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Odious Debt

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  • Seema Jayachandran
  • Michael Kremer

Abstract

Trade sanctions are often criticized as ineffective because they create incentives for evasion or as harmful to the target country's population. Loan sanctions, in contrast, could be self-enforcing and could protect the population from being saddled with "odious debt" run up by looting or repressive dictators. Governments could impose loan sanctions by instituting legal changes that prevent seizure of countries' assets for nonrepayment of debt incurred after sanctions were imposed. This would reduce creditors' incentives to lend to sanctioned regimes. Restricting sanctions to cover only loans made after the sanction was imposed would help avoid time-consistency problems.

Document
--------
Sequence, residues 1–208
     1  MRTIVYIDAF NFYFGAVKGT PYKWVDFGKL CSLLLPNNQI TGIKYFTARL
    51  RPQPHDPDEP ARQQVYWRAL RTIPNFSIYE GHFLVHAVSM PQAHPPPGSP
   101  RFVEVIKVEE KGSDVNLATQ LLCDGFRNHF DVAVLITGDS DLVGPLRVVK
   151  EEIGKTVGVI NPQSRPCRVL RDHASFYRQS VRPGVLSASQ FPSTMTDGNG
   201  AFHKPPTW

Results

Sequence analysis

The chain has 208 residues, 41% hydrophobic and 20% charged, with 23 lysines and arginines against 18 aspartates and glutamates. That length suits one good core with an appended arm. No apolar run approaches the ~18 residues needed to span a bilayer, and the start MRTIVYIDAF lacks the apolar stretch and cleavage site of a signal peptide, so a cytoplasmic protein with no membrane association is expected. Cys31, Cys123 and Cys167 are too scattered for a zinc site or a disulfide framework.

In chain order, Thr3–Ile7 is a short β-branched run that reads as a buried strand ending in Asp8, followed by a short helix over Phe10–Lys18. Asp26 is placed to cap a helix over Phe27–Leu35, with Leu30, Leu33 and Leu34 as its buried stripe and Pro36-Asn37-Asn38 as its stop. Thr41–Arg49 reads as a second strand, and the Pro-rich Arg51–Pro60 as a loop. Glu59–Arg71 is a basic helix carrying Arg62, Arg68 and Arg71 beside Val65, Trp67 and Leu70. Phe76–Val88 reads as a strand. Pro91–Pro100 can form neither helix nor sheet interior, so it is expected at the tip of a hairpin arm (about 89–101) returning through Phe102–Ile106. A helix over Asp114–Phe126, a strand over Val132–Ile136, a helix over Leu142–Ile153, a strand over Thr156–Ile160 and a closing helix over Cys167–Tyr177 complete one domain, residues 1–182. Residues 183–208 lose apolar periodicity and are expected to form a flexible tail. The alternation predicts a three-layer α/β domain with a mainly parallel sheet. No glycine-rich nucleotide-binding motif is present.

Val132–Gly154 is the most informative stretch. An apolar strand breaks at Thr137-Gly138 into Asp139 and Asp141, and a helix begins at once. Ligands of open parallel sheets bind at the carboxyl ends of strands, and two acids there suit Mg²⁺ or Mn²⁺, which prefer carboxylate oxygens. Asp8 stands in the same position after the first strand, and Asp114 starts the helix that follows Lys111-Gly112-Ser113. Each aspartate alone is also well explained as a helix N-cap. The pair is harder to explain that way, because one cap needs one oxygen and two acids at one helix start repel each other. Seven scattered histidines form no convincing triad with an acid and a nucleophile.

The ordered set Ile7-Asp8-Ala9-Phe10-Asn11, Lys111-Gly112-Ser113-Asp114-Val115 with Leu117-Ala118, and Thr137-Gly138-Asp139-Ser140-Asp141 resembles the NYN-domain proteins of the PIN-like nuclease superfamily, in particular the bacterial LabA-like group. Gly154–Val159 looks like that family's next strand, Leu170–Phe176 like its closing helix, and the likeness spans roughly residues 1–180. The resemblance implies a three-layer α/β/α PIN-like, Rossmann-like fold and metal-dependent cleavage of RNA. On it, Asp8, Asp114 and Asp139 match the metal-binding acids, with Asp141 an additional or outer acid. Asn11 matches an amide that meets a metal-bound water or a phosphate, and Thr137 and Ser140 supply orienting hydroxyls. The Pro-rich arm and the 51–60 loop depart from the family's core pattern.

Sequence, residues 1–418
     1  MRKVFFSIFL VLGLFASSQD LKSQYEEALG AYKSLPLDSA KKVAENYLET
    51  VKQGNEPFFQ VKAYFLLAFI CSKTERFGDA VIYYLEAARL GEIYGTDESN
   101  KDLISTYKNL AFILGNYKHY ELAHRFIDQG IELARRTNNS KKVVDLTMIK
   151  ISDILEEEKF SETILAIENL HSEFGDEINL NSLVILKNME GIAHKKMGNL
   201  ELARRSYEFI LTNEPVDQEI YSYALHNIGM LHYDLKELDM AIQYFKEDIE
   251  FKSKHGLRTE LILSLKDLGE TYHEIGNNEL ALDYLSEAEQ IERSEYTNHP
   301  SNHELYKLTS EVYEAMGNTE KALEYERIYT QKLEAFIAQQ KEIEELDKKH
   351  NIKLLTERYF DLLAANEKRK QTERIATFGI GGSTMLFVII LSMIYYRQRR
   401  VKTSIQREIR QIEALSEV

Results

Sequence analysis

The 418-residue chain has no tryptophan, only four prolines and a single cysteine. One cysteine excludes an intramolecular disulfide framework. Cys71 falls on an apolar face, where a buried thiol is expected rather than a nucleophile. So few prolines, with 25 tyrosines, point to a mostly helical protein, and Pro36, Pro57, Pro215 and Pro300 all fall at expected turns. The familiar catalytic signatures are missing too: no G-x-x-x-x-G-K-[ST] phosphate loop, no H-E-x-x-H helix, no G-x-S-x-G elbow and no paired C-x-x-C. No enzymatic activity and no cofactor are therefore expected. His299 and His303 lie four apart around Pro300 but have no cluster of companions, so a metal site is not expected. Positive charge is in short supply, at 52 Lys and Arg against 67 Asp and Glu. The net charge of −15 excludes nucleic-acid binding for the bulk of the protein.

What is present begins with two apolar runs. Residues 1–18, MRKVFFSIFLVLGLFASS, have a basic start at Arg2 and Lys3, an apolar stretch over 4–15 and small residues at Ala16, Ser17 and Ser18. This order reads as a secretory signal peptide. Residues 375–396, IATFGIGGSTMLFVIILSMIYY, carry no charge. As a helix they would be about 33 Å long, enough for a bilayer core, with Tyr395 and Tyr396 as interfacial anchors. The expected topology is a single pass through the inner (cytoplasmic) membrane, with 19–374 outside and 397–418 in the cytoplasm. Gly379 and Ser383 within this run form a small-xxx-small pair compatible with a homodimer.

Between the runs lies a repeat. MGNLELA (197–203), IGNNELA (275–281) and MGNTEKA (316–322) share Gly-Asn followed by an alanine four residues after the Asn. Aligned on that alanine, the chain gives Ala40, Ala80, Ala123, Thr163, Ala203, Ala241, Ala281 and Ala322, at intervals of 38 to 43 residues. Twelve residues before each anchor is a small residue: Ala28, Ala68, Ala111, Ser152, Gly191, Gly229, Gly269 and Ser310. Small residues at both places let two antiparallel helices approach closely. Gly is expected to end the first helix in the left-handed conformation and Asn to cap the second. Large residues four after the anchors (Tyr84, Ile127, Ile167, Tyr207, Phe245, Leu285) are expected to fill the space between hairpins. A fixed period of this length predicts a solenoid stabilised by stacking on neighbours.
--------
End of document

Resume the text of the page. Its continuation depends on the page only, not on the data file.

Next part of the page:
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File URL: http://www.aeaweb.org/articles.php?doi=10.1257/000282806776157696
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Bibliographic Info

Article provided by American Economic Association in its journal American Economic Review.

Volume (Year): 96 (2006)
Issue (Month): 1 (March)
Pages: 82-92

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Handle: RePEc:aea:aecrev:v:96:y:2006:i:1:p:82-92

Note: DOI: 10.1257/000282806776157696
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  1. Bulow, J. & Rogoff, K., 1988. "Sovereign Debt: Is To Forgive To Forget?," Papers 411, Stockholm - International Economic Studies.
  2. Harold L. Cole & Patrick J. Kehoe, 1996. "Reputation spillover across relationships: reviving reputation models of debt," Staff Report 209, Federal Reserve Bank of Minneapolis.
  3. Eaton, J. & Fernandez, R., 1995. "Sovereign Debt," Papers 37, Boston University - Department of Economics.
  4. Seema Jayachandran, 2004. "Odious Debt," UCLA Economics Online Papers 298, UCLA Department of Economics.
  5. Geoffrey Brennan & Giuseppe Eusepi, 2002. "The Dubious Ethics of Debt Default," Public Finance Review, , vol. 30(6), pages 546-561, November.
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